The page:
Emerson College’s only independent, student-run newspaper since 1947

The Berkeley Beacon

Emerson College’s only independent, student-run newspaper since 1947

The Berkeley Beacon

Emerson College’s only independent, student-run newspaper since 1947

The Berkeley Beacon

Students partner with non-profit to raise funds for a clean water cause


Two Emerson students will host an art auction in cooperation with Emerson Peace and Social Justice to raise money for Maji, a non-profit organization dedicated to providing purified drinking water. The show will feature water-themed paintings, and all money raised will be donated to Maji.

Maji, which means “water” in Swahili, is a water bottle company founded in January by Max Ade, a Boston College graduate. The organization was originally a for-profit company, but was converted into a non-profit charity in October.

The auction will be held in the multipurpose room in Piano Row on Tuesday. 

Katherine Raymond, a junior marketing communication major, and Jamie Bradley, a sophomore marketing communication major, designed the fundraiser, a silent auction for art donated by Emerson students. 

Both Raymond and Bradley are volunteers with Maji. 

“I was looking for non-profits in Boston that would focus on helping other people, but also something that was very entrepreneur based,” Raymond said. “Maji is really great with this, and I really like their message.”

Bradley said she joined the cause because there was a large appeal in doing marketing for a non-profit company.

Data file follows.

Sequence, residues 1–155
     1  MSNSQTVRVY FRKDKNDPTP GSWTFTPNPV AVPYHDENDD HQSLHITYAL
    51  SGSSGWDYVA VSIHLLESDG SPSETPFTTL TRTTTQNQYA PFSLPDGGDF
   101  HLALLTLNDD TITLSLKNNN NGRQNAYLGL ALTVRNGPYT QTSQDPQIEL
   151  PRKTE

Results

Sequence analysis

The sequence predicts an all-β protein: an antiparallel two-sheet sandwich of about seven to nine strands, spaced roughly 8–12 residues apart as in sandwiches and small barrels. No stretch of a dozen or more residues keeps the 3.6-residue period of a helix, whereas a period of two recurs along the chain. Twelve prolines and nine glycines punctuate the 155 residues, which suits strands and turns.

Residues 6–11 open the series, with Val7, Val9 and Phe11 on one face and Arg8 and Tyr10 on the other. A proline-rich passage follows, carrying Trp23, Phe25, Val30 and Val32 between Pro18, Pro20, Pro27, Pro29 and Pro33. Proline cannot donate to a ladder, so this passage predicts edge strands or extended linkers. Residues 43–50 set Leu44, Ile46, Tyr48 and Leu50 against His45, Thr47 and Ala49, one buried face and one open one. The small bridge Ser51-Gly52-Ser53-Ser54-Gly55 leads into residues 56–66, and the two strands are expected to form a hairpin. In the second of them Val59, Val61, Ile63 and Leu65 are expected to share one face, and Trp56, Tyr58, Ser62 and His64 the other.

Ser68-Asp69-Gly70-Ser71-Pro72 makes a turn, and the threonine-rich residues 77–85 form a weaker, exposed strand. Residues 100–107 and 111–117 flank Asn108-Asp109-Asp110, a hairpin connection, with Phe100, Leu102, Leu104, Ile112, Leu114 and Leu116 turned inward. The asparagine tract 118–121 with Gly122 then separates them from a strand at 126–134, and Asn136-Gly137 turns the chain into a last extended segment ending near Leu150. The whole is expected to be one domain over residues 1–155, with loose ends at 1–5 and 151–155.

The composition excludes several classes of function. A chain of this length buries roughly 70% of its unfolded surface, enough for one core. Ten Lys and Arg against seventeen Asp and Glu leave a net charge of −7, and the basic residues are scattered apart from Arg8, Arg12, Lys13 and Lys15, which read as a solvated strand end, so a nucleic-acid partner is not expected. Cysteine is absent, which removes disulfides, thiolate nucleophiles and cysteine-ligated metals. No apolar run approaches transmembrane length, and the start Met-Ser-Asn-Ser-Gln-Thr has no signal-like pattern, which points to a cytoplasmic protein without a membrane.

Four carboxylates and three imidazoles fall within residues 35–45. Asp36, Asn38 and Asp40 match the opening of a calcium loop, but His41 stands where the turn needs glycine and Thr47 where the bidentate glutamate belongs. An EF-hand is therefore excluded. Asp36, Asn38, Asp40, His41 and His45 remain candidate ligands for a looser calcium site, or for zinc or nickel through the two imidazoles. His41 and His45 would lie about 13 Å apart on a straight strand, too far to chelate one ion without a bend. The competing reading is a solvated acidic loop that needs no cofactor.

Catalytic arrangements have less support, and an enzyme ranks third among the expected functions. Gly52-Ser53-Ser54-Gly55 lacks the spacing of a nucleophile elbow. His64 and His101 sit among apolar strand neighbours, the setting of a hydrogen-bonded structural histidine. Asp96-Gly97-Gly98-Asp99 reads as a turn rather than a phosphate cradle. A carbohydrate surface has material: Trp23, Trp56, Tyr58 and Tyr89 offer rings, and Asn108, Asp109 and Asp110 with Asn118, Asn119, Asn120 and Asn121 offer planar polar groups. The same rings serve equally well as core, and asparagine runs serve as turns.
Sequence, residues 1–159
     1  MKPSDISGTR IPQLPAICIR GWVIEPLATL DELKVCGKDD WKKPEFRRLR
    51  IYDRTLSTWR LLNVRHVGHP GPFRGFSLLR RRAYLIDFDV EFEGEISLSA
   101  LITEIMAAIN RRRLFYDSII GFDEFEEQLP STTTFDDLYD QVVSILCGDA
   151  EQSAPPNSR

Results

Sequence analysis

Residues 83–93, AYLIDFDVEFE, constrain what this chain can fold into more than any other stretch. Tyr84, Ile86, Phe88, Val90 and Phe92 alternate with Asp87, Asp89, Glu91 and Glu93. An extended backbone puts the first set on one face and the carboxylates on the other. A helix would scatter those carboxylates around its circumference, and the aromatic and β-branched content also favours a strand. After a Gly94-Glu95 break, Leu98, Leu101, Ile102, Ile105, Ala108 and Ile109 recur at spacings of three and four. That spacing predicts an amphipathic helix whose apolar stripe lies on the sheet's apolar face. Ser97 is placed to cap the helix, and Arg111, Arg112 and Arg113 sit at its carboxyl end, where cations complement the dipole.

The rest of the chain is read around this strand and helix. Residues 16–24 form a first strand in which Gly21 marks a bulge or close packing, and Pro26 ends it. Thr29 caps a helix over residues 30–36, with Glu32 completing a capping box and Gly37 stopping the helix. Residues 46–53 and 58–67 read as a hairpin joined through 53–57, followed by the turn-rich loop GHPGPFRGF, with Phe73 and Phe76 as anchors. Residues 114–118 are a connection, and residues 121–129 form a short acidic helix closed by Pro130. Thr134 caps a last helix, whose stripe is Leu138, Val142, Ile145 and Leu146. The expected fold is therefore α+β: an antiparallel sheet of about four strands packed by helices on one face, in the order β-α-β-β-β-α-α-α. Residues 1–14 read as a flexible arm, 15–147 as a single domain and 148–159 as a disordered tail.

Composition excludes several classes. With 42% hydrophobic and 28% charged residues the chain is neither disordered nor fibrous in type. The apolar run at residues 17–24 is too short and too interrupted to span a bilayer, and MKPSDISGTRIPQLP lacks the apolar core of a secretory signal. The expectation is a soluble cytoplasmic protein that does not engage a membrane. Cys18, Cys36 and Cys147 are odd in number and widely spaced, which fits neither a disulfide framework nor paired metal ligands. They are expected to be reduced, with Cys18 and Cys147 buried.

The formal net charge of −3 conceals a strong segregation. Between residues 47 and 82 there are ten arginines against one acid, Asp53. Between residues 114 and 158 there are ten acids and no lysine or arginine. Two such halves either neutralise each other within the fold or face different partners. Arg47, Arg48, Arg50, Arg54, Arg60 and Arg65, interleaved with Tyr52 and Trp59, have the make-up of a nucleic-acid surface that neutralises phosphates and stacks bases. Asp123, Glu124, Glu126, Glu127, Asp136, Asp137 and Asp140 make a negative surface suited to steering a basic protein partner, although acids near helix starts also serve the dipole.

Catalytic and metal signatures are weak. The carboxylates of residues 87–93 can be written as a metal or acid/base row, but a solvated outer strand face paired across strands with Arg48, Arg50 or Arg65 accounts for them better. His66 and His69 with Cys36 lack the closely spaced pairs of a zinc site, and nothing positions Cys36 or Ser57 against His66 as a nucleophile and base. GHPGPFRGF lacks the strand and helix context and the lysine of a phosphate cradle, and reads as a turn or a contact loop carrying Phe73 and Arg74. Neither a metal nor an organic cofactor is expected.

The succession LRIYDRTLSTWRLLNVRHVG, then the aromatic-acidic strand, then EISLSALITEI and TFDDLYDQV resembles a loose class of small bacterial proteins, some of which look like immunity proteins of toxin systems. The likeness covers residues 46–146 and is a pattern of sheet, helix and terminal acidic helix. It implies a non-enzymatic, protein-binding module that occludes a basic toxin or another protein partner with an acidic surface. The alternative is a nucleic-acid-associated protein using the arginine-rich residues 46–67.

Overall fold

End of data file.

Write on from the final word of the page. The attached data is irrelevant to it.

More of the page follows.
“My biggest concern in being a marketing major is this concept of selling your soul to sell products, and I hate that,” Bradley said. “So being offered this and realizing that you can advertise and market for non-profits is really appealing to me.”

Maji water bottles are sold for $20, and 100 percent of the profits go to Charity Water, a larger non-profit organization that builds wells in various countries in Africa.

The minimum amount to build a well with Charity Water is $5,000, and Maji has already raised an estimated $2,500 prior to the art show, according to Ade.

Maji was first designed by Ade to compete in a Boston College entrepreneurship competition.

“The most fulfilling part of my college experience was building this from scratch and seeing my name next to it,” Ade said. “And I want to give the students who volunteer for me the same experience — not just representing the brand, but also establishing a way to market the brand in their own creative way.”

Raymond works as the marketing and PR director for Emerson Peace and Social Justice, which endorses Maji’s charity work. 

Adrianna Alfidi, a sophomore marketing communication major, is donating one of her paintings to the silent auction, and she said giving her art to a good cause is more rewarding than selling her work for money.

“I thought I paint almost everyday, and its great to donate something I did for a good cause, and I really want to help out however I can,” she said.

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